Dit Panfile Reflects

Today 83 years young, Dit Panfile relates, “I always tell people that when I wake up and I’m on this side of the grass, it’s a good day.” An entrepreneur who owned an airplane, he got into the FBO business at age 41 when his VOR stopped working...


Today 83 years young, Dit Panfile relates, “I always tell people that when I wake up and I’m on this side of the grass, it’s a good day.” An entrepreneur who owned an airplane, he got into the FBO business at age 41 when his VOR stopped working and he stopped in at Teterboro Avionics, which in time he would wind up buying and renaming Aero Services. Ultimately, Aero Services grew to become one of the largest chains of fixed base operations in the 1980s with 32 locations.

Panfile took Aero Services public and eventually lost control of the company. Then came ownership in four Million Air franchises, notably at Chicago Midway and New Orleans Lakefront. This year Landmark Aviation acquired the FBOs of Odyssey Aviation, with which Panfile was associated via his long-time relationship with Odyssey president Ken Allison.

airport business recently caught up with Panfile to have him reflect on his 40-plus years in the business. As in past interviews, he played up the importance of service and relationships, the latter accounting for the deep following he has earned among the ranks of FBO managers that he has worked with over the years. Following are talking points and edited responses from our recent interview ...

On the experience of taking Aero Services public ...

“We went public around 1984/85. When I took over the CSX Beckett bases I borrowed some money and went public to get cash to do that. A group in New York bought a whole bunch of my stock and tried to take over the company; we had a proxy contest and I won. They came back a year later with a lot more stock and voted me out of the company — threw me out, basically. And they proceeded to throw out all of my key people. Sandy Lockhart and all those guys. Good, solid managers.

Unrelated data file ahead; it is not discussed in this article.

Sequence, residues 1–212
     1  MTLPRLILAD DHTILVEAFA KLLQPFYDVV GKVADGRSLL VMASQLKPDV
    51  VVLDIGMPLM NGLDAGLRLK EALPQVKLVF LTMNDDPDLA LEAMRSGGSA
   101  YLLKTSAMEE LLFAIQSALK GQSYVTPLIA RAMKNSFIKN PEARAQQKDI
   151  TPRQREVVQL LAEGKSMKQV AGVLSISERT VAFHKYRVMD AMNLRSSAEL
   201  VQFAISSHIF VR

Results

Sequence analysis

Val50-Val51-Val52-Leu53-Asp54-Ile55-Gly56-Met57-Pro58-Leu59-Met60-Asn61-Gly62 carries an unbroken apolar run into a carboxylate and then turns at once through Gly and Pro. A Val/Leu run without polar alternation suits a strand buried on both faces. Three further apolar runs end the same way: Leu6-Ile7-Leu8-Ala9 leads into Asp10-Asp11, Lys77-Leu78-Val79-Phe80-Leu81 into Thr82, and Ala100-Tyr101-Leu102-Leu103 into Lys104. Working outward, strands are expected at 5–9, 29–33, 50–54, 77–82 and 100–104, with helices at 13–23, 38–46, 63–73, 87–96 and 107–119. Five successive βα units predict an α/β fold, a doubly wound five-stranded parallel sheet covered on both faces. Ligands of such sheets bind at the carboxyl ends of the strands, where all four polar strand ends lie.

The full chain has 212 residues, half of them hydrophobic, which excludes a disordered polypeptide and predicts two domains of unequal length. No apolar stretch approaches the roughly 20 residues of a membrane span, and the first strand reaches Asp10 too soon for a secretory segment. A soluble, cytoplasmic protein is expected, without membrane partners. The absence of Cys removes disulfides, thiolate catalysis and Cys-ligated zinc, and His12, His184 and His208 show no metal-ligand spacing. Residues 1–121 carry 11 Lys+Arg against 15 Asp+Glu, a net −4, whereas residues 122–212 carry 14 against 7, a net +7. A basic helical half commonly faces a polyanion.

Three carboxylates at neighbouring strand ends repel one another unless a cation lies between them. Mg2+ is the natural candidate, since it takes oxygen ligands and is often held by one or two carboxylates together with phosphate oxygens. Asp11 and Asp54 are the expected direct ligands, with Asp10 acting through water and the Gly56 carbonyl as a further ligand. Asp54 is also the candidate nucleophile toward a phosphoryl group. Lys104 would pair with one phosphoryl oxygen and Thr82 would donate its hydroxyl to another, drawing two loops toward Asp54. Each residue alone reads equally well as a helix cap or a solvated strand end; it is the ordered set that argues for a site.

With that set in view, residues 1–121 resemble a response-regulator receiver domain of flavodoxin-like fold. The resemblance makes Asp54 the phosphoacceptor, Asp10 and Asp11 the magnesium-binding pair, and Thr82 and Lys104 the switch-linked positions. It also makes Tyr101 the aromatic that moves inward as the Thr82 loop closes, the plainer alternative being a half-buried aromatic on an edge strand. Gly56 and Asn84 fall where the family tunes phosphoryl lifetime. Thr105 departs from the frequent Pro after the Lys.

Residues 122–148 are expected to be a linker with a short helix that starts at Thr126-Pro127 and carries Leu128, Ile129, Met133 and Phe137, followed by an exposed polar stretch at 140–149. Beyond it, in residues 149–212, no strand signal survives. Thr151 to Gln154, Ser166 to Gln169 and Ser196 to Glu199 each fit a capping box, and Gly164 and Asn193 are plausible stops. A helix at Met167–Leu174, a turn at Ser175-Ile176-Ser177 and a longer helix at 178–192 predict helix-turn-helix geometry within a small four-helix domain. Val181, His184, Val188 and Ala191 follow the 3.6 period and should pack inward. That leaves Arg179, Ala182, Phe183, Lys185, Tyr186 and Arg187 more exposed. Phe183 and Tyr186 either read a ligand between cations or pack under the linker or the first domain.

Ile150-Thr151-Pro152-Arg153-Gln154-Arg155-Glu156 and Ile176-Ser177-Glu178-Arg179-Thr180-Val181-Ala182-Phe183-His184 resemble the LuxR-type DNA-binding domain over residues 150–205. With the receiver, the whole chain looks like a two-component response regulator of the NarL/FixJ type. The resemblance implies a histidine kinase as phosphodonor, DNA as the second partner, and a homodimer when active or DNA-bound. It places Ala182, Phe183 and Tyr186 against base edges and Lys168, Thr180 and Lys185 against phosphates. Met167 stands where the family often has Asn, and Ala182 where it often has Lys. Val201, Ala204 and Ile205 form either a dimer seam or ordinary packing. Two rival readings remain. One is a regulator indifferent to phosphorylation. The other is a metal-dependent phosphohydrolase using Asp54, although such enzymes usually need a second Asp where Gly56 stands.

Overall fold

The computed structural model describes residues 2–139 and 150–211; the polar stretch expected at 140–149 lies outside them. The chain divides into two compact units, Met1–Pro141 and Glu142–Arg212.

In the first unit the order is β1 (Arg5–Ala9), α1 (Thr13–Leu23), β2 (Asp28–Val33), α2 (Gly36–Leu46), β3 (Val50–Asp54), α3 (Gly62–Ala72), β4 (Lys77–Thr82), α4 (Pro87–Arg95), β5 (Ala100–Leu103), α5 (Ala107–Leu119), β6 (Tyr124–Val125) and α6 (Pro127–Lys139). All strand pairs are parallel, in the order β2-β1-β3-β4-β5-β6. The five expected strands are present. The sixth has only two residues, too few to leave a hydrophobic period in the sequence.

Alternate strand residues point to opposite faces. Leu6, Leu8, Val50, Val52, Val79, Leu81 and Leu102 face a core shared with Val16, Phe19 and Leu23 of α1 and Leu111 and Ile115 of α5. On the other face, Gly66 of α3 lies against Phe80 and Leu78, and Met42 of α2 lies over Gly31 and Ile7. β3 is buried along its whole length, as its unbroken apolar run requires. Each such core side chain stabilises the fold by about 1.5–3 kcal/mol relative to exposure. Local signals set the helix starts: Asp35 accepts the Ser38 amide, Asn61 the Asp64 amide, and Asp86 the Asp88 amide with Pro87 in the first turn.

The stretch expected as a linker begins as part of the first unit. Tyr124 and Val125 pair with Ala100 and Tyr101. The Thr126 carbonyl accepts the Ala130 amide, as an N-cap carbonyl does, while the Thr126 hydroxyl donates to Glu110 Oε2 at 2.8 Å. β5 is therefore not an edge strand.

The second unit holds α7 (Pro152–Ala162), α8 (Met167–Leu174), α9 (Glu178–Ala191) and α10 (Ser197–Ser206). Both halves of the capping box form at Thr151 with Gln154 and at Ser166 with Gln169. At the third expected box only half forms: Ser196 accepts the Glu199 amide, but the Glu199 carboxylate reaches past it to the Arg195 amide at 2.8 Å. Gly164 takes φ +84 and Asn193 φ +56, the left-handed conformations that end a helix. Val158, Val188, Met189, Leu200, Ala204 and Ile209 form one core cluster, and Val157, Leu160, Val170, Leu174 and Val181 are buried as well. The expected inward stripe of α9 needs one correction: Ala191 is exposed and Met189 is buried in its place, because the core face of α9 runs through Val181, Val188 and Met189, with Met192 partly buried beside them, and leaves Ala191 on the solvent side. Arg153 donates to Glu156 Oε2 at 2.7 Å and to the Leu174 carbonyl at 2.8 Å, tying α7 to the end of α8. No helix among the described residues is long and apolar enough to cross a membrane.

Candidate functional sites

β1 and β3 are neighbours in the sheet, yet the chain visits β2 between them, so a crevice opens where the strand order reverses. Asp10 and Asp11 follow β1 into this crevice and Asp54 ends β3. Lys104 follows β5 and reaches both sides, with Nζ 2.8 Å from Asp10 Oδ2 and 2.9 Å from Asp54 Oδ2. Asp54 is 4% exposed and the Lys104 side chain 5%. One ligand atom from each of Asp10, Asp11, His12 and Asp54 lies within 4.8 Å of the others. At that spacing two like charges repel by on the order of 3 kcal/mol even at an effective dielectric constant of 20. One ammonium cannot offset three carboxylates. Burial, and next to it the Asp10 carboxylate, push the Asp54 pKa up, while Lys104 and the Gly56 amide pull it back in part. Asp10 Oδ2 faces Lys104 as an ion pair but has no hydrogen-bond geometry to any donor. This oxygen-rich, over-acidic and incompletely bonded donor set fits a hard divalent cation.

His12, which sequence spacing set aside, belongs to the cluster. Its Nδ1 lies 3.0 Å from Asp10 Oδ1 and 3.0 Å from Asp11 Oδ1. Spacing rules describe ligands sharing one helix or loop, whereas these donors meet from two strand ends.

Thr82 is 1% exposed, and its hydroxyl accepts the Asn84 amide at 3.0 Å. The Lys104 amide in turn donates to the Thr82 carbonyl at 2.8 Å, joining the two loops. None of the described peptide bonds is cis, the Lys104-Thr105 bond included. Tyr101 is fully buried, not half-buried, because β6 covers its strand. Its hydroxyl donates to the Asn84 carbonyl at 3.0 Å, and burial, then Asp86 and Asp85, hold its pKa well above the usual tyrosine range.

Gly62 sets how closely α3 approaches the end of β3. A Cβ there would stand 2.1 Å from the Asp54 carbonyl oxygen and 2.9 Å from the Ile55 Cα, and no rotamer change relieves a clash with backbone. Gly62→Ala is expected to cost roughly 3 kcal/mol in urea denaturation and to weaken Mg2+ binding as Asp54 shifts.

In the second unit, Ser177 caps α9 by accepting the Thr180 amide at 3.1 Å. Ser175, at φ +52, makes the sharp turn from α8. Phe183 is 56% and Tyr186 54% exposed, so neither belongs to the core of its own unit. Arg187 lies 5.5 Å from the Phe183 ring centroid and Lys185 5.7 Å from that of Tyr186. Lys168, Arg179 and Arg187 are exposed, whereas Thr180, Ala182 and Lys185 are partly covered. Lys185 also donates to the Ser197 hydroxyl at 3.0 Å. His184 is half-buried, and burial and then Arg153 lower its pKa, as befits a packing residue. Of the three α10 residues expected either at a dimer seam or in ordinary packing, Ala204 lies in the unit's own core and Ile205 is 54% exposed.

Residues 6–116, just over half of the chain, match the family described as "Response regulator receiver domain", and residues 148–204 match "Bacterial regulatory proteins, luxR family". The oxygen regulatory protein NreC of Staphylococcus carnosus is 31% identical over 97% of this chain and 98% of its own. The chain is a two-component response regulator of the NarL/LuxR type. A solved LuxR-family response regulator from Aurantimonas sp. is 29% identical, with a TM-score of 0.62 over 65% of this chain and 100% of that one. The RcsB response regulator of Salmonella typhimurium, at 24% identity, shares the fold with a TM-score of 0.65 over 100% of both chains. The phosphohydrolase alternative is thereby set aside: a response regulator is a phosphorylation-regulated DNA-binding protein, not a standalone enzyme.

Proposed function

“It didn’t take long, about a year and a half, and the company was absolutely broke and they started selling off bases to meet their financial obligations. All of the bases they sold off are doing very well now. They made a classic mistake — a guy can fly an airplane, so he can run an FBO.”

On life after Aero Services ...

“I got into my own company, Aviation Services Group, which was FBOs again. I bought the base at Midway Airport in Chicago, and the one at New Orleans Lakefront.

“I hired Ken Allison at Midway, who was really good with people. At first he was the line service manager; then GM. I bought four bases. Then he and George Kingston bought me out of those bases. The others were at Columbus and Cincinnati.

On the cycles of the business ...

“I remember Teterboro when we had three or four FBOs giving flight training and selling airplanes. At all times you could see 50 or more airplanes on the ramps there, with instructors and pilots in training.

“We never got involved in flight training. We concentrated pretty much on fuel and hangaring. It was a good business. All the other guys stayed with the other model. I wanted to create a high level of service. When customers called in I wanted somebody there who was thoroughly trained and could arrange for limousines, hotels, and do it in a professional way.”

On his Chicago experience and the changing face of airport leases ...

“I’ve heard stories about how Chicago is so crooked; I had very good relationships with the people of Chicago. They were always very straightforward; you could put together a deal verbally and then it would turn up pretty much as it was agreed on, and you could get a lease done in 30 to 60 days.

“Now it takes much longer, and not just in Chicago. It just seems like you can’t put an agreement together that hangs together for more than two or three years. People seem to be concerned that they’ll put something together that will come back and bite them.

“The big thing these days seems to be insurance and everybody covering their rear ends from every possible angle.”

On the issue of old storage tanks, a hot topic in the ‘80s/’90s ...

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